83 (passed away Feb. 27th, 2015)
Mar. 26th, 1931
Boston, Massachusetts, USA
Leonard Nimoy's Main TV Roles
Main Movie Roles
Guest TV Roles[none found]
Leonard Simon Nimoy (March 26, 1931 ~ February 27, 2015) was an American actor, film director, photographer, author, poet, singer and songwriter. He was known for his role as Mr. Spock of the Star Trek franchise.
Born in the West End of Boston, Massachusetts, the son of Jewish immigrants from Iziaslav, Soviet Union (now Ukraine). His parents left Iziaslav separately—his father first walking over the border into Poland—and reunited in the United States. His mother, Dora (née Spinner), was a homemaker, and his father, Max Nimoy, owned a barbershop in the Mattapan section of Boston. He had an elder brother, Melvin.
Nimoy has be acting in community theaters since age eight, Nimoy didn't make his Hollywood debut he was 20, a bit part in Queen for a Day (1951) and another as a ballplayer in the perennial Rhubarb (1951). After two years in army he was still getting small, often uncredited parts - an army telex operator in Them! (1954), for example - but his part as Narab, a Martian finally friendly to Earth, in the closing scene in the corny Republic serial Zombies of the Stratosphere (1952), somewhat foreshadowed the role which would make him a household name--Mr. Spock, the half-human/half-Vulcan science officer of Star Trek (1966) one of TV's all-time most successful series. His performance won him three Emmy nominations and launched his career as a writer and director, notably of Star Trek IV: The Voyage Home (1986), the story of a humpback whale rescue that proved the most successful of the Star Trek movies.
Stage credits have included Fiddler on the Roof, Oliver, Camelot, and Equus. He has hosted the well-known TV series In Search of... (1976) and Ancient Mysteries (1996), authored several volumes of poetry and guest-starred on two episodes of The Simpsons (1989). He recently played Mustafa Mond in NBC's telling of Brave New World (1998).
- Lent his famous voice to the introduction at the Mugar Omni Theater (The Museum of Science, Boston).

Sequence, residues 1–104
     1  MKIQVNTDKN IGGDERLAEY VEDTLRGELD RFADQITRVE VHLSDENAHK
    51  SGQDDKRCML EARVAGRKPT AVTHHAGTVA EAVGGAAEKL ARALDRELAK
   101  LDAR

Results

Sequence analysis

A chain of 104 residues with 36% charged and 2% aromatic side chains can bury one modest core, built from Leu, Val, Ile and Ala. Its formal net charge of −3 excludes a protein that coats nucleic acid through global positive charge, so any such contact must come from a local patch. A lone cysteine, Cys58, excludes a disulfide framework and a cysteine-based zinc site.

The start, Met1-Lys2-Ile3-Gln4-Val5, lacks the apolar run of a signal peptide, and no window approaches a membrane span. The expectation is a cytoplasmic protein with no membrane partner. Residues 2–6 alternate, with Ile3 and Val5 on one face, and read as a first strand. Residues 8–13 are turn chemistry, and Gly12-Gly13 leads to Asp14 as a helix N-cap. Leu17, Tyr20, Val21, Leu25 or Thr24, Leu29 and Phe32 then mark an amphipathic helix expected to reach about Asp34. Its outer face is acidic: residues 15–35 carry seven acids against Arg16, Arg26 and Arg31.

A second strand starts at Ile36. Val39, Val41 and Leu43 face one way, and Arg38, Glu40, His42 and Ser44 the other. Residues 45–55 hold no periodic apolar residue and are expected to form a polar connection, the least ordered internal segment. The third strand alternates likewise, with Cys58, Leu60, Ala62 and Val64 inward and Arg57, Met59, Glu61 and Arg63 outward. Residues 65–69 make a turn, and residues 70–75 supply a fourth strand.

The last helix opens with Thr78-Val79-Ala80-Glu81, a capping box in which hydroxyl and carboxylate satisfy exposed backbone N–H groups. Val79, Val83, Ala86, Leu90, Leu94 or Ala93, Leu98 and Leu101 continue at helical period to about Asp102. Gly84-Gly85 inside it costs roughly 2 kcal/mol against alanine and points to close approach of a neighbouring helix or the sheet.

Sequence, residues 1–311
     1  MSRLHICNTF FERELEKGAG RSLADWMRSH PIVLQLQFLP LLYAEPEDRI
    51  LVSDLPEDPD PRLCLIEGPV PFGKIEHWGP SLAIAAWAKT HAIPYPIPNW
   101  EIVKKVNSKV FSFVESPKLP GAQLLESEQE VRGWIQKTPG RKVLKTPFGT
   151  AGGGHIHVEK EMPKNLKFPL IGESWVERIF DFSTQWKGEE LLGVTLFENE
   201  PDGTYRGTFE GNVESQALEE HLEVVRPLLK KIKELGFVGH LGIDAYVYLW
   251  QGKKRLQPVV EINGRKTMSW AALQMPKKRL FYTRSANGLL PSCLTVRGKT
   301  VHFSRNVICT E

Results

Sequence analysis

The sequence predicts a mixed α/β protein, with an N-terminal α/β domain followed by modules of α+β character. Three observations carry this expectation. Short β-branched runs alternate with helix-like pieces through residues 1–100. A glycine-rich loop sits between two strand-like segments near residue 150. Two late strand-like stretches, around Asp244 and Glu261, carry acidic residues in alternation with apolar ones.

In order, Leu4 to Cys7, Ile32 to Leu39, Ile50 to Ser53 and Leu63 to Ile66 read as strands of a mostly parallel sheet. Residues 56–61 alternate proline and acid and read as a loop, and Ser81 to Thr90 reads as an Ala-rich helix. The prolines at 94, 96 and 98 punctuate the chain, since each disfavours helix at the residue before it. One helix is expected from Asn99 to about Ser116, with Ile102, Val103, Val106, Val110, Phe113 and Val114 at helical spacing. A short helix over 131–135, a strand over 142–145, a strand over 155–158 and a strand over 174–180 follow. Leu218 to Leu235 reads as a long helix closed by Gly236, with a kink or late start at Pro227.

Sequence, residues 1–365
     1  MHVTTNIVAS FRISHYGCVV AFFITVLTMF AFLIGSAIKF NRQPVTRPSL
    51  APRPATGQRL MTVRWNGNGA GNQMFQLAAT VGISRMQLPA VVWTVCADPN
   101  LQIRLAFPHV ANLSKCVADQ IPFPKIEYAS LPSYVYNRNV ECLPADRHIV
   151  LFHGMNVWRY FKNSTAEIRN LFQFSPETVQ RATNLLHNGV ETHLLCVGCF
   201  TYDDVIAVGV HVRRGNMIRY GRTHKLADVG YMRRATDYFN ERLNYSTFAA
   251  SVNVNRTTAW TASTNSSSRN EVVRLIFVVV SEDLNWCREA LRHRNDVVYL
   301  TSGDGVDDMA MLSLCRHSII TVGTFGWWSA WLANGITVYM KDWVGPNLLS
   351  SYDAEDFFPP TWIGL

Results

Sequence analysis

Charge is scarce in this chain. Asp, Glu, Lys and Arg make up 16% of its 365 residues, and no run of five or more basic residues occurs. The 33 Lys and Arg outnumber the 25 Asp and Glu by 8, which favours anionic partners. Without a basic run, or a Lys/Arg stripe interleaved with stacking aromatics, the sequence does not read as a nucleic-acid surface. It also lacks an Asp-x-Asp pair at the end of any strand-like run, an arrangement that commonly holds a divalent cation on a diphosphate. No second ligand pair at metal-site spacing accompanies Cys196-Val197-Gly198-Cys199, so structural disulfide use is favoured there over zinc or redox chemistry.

- Is an accomplished photographer (specializing in black and white images), and has given exhibitions of his works.
- Has appeared in four different productions with 'Malachi Throne' (qv): _"Star Trek" (1966)_ (qv), _"Mission: Impossible" (1966)_ (qv), _Assault on the Wayne (1971) (TV)_ (qv) and _"Star Trek: The Next Generation" (1987)_ (qv).
- Got his famous role of "Spock" in _"Star Trek" (1966)_ (qv) in part because discussions among writers and producers of the show about the character of Spock led them to put out the word that they were looking for "a tall, thin guy" to play the part of an alien crew member. Casting director 'Joseph D'Agosta' (qv) remembered Nimoy from his work in an earlier WWII series, _"The Lieutenant" (1963)_ (qv) and gave him a call about this role. And so was born his most famous role and start as a pop-cult icon.
- Born in Boston to Ukrainian Jewish immigrants.
- At 6' 1", he was the tallest member of the cast of the original _"Star Trek" (1966)_ (qv) series.
- The "Vulcan nerve pinch" concept on _"Star Trek" (1966)_ (qv) was invented by Nimoy when he and the show's writers were trying to figure out how an unarmed Spock could overpower an adversary without resorting to violence.
- During an interview with 'Al Roker' (qv) on _ "Today" (1952)(TVseries)_, to promote _Star Trek (2009)_ (qv), it was revealed that the news anchor, 'Ann Curry (I)' (qv) had a major crush on him. They showed several clips of her stating that she was in love with Spock. Roker then called her out on stage. She came on stage, and immediately hugged and kissed 'Leonard Nimoy' (qv), and told him how great she thinks he is. Leonard was very flattered, and told her she had great taste.